Series Exam Questions

Hey folks,
So I'm starting FT in BB S&T this fall. I have to take the Series 7 and Series 63 in August and I have two major questions:

  1. Do I actually need to spend a significant amount of time studying to pass? I majored in Finance and Accounting in college and read the first couple chapters of the book my bank sent me to prepare and it all seemed like review (at least for the 7). Should I really read a whole textbook on shit I already know?
  2. Does my employer see my actual score, or just that I passed? I would be a lot more motivated to spend a ton of time preparing if I thought I was actually being evaluated on my performance.


Comments (7)

Jun 30, 2015

It's the regulation specific stuff that's painful. Also, 63 is very regulation and code heavy which is something you definitely didn't cover in undergrad. For both, you should have a quick read through the chapters to make sure you are familiar with the concepts (there will undoubtedly be things you won't know. You will be surprised how little you have learned from your 4 years of "finance" major). And then just focus on the questions.

Both are easy exams. Your employer will see your score. The issue is you don't want to be the lowest scoring kid in your class (people never let things like that go). You especially don't want to be the guy who failed series 7 or 63 (and people definitely won't let THAT go).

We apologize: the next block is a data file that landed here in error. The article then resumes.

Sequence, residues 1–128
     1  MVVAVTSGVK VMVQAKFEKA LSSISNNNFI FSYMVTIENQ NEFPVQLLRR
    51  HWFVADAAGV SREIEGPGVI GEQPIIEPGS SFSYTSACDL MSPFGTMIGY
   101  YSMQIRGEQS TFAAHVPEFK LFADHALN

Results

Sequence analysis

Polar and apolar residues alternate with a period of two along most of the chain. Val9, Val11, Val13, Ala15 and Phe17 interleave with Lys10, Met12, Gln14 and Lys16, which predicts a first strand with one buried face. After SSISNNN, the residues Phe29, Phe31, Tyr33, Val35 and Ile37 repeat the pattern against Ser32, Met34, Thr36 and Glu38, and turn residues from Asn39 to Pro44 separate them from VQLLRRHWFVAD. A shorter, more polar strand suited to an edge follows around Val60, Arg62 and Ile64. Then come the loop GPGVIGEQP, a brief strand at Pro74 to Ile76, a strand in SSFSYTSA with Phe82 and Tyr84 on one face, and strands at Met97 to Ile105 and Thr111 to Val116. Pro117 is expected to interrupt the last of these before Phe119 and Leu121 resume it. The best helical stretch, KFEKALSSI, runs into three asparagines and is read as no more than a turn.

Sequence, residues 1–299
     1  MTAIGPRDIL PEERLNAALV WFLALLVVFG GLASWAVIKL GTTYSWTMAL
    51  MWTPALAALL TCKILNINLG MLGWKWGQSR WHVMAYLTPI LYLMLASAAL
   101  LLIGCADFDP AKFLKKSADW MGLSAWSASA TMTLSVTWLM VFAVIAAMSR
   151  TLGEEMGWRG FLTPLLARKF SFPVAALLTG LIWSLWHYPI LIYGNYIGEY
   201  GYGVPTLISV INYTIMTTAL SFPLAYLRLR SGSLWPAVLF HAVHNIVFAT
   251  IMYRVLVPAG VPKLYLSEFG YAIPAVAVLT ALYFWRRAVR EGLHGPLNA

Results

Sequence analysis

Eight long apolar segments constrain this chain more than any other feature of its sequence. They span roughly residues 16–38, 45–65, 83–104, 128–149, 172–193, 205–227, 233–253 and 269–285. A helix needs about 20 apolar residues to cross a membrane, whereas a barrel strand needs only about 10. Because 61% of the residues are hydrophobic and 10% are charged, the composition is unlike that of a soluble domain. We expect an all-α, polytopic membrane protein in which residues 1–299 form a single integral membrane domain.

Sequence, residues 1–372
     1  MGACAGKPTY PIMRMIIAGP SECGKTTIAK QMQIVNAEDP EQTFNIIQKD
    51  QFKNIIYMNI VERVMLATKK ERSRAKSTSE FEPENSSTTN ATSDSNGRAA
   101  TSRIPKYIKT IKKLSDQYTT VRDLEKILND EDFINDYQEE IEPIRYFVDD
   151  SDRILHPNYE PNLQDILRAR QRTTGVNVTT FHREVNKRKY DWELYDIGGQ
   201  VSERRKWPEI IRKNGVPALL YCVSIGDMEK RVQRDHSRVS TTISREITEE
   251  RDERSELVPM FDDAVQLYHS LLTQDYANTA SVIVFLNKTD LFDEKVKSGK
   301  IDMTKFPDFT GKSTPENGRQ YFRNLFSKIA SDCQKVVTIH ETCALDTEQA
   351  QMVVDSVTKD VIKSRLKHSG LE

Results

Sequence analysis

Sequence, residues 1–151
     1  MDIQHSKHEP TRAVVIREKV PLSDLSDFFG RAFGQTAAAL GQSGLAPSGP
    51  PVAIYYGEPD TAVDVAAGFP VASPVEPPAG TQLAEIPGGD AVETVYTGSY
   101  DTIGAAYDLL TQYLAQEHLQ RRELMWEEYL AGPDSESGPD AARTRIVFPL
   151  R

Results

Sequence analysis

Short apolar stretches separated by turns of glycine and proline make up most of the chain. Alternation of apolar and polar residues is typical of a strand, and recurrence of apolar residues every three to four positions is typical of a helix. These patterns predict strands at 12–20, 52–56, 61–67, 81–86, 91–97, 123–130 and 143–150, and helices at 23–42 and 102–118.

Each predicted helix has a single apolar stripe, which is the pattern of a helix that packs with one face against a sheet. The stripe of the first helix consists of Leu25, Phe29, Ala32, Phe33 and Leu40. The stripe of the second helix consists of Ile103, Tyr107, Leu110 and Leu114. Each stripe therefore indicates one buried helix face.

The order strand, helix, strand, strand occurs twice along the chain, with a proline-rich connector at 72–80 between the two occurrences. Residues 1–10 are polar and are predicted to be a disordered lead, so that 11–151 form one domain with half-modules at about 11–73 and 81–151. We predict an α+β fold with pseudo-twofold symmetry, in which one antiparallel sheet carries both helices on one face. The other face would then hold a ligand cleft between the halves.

Jun 30, 2015

Yeah the regulation stuff is what I'm most concerned about. I realize a lot of people may not cover everything in their undergrad curriculum but I did a ton of independent learning and took classes specifically helpful for the test (grad level derivatives class, grad level fixed income class, etc.). You're right though I'm already noticing random vocab I'm not familiar with (Trust Indenture Act of 1939 for instance).

Regardless, if my employer will see my score then I'll definitely try to crush the test just to look better. Thanks for the added motivation.

Jun 30, 2015

Most people don't learn about derivatives through their schooling that heavily which is on the test. So that's something you'd likely need to brush up on.

As ^ said, I'd definitely at least go through the material instead of just winging it, especially because the regulations is a big part of the exams.

Jun 30, 2015

No one cares about your score. Passing by 1 point or 20 points makes no difference....just pass it.

I would take a practice test and see where you stand. Some stuff will be review from college and other areas will be brand new

Jul 2, 2015

Don't read the book, it's useless. Just keep doing the practice questions until you consistently pass. Score doesn't matter, I killed both tests, all I got was a "good job son" from the boss. Did not translate into more money. 0/10 would not do again.

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Jul 2, 2015

Here's the answer. Spend as much or as little time as you feel like you need to study and pass. I would recommend reading the whole Series 7 book. Despite the fact that you think you know the parts of the book already, the book will have the tidbits of legal and regulatory shit you should be aware of. And yes, your employer gets a copy of the score. They just care that you passed. That's it.

Jul 3, 2015